Dear Family and Friends,
My husband and I celebrate our 26th wedding anniversary today. The part of our marriage that is the most fulfilling to me is the intense amount of conversation we share. We talk about all kinds of things, and dozens of new topics of interest have emerged between us over the years.
I think I was born talking, running my words together and subjecting the world to a stream of consciousness that was only rarely if ever riveting. My own mom used to say, “I guess you have to talk fast in this family or you won’t get a word in edgewise.” (Maybe that’s why I love writing; it allows me to organize and share my thoughts in a more logical fashion … not that writing has slowed my talking at all.)
Though often quiet around others, my sweet husband and I can chatter away for hours. He may have learned to be more talkative than most men from his mother. And she and I would often have long conversations while we cooked a meal or shopped or just visited in the living room. Though we lived more than a thousand miles apart, we tried to make up for it during visits to see each other.
Mom used to share with me interesting tidbits about everything from the customers who visited the Kohl’s jewelry and fragrances counter where she worked part-time while in her 70s (something fun to do, she said), to her international travels with Dad to destinations including Yugoslavia and China. She would talk about the book she currently was reading, or the gossipy news she had learned while volunteering at the local police station. She would talk about fashion, recipes, parenting and her family.
Living so far away from Mom meant that my conversations with her got shorter in what seemed like dramatic chunks. One time you would visit and she would be able to follow along and interject now and again. The next time, she had to be prompted to answer a question. Then, for a while, she only repeated the things you would invite her to say. But she would nod her head and perhaps give you a slight smile.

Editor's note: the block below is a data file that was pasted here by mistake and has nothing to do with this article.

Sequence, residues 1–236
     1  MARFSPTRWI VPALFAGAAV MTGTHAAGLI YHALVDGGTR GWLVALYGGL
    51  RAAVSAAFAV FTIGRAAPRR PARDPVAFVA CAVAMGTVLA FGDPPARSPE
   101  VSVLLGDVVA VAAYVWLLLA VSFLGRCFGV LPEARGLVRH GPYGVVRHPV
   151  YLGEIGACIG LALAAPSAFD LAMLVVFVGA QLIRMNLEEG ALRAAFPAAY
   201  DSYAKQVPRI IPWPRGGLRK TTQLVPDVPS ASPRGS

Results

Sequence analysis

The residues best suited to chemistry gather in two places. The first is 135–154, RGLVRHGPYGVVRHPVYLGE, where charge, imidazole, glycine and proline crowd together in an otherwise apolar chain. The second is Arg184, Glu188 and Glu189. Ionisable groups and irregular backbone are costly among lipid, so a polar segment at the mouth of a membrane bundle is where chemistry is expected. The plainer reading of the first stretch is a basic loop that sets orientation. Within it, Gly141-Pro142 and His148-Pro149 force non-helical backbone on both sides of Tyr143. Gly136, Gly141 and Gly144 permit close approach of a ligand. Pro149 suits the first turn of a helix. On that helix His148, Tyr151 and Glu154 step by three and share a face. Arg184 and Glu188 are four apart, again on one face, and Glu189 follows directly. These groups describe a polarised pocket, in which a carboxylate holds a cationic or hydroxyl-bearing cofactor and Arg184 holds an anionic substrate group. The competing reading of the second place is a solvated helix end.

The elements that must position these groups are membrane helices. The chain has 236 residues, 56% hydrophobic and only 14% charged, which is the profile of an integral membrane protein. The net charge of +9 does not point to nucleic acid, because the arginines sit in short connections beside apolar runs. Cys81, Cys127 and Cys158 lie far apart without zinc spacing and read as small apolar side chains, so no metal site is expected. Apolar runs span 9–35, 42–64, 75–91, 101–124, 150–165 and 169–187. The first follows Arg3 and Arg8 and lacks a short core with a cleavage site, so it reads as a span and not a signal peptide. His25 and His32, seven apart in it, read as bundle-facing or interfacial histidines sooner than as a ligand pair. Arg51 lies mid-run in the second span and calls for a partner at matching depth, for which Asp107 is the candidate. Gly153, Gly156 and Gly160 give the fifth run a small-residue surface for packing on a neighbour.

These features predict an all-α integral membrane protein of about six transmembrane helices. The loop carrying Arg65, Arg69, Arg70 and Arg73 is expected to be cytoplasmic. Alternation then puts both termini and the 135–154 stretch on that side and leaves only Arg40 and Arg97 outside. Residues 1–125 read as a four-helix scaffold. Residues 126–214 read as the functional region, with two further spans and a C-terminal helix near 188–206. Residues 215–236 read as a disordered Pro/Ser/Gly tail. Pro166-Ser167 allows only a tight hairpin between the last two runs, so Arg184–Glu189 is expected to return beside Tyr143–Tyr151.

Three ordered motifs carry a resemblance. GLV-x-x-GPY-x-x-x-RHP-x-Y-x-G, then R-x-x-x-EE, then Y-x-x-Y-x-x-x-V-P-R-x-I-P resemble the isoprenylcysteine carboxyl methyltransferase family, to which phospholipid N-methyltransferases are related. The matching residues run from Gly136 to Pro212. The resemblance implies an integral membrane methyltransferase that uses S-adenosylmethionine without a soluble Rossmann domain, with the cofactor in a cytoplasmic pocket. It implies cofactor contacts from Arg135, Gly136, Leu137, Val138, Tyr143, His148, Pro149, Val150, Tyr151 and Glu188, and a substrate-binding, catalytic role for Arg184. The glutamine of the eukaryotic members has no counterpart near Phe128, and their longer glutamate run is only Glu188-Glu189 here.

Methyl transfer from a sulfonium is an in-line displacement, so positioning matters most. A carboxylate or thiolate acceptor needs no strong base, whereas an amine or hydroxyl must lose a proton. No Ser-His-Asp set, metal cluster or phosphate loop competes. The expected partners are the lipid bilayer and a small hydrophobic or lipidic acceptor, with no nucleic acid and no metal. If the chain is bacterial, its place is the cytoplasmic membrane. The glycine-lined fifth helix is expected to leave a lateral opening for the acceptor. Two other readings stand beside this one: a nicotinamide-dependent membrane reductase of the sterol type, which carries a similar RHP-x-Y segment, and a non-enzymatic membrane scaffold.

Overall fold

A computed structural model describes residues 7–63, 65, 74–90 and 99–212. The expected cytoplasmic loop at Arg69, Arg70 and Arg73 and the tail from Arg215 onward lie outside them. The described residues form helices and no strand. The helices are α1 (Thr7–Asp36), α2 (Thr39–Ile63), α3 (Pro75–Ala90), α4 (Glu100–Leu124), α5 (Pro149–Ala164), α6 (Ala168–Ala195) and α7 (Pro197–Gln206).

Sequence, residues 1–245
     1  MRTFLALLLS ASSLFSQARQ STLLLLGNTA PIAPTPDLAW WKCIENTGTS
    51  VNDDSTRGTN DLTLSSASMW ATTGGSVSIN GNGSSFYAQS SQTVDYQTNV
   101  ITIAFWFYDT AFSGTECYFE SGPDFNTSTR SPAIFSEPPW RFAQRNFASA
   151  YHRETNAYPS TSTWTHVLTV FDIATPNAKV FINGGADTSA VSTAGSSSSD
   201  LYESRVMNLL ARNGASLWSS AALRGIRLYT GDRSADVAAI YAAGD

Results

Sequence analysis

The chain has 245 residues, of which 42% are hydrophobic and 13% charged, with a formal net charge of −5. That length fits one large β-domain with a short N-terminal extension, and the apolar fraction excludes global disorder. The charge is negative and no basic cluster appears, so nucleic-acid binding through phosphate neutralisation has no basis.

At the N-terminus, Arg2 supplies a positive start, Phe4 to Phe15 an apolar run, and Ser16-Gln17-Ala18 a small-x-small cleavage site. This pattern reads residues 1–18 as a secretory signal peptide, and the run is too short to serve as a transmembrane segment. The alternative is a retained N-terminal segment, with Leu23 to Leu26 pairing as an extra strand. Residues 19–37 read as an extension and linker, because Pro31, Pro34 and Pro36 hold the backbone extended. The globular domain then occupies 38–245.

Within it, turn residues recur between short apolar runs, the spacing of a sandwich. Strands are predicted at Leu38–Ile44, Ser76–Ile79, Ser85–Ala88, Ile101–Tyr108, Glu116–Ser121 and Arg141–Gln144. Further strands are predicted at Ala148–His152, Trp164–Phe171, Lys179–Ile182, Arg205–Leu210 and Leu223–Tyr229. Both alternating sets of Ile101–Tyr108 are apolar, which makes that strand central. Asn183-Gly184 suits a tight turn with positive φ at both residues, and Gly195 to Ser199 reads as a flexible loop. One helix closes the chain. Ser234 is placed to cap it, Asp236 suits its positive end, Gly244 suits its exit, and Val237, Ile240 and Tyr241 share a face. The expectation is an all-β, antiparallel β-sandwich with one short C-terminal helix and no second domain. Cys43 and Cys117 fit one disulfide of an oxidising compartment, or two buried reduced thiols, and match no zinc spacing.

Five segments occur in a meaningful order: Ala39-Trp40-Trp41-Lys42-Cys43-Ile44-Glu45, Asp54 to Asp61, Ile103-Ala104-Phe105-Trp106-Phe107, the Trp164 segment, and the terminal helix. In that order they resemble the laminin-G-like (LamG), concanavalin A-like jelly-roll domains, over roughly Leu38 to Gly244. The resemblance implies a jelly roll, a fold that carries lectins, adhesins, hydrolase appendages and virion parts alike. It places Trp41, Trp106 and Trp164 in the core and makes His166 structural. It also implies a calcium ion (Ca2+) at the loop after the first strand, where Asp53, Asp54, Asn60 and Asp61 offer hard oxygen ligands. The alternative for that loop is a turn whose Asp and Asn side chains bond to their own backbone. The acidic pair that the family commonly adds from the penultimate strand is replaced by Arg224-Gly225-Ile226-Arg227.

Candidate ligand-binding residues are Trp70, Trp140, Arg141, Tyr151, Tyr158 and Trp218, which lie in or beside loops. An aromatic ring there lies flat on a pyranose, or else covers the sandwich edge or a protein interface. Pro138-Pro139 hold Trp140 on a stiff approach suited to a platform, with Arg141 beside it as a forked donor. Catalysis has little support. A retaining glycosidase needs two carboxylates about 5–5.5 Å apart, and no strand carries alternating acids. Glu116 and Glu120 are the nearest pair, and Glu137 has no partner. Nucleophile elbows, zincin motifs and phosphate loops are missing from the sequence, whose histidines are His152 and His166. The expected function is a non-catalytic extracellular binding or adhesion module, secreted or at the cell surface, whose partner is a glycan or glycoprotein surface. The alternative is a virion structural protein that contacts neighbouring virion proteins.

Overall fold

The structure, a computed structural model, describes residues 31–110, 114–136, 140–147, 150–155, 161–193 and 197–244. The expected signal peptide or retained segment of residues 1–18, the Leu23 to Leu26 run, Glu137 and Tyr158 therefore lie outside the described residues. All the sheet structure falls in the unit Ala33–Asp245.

And then: “Is the ice cream good, Mom?”
She has been quiet for months and months now. Once in a great while, she might say a word or two, but it’s been a very long time since she put a sentence together representing an original thought or even reflecting an immediate feeling or need.
“Do you like the sunshine today, Mom?”
She doesn’t look sad or happy. She just keeps her chin and eyes down. When she does look up for a moment, there is no emotion. No sign of recognition. Just blankness.
There is so much inside Mom that can no longer come out. I try to share with my daughters some of the things Mom said to me over the years,and how sly she could be. I’ve told them how diplomatically she asked me when I was going to start having children, and when I would finally change my last name to my husband’s.
I am grateful my husband is safeguarding the dozens of journals she kept throughout her adult years, until the Alzheimer’s took away her ability to write. Her life is memorialized in those journals, as well as in the hearts of her family. I like to take them out and read them from time to time. You know how it is when you read something from a person you knew well … you can almost hear them speaking the words.
My faith tells me that I will get to hear her speaking her stories again someday. I look forward to that.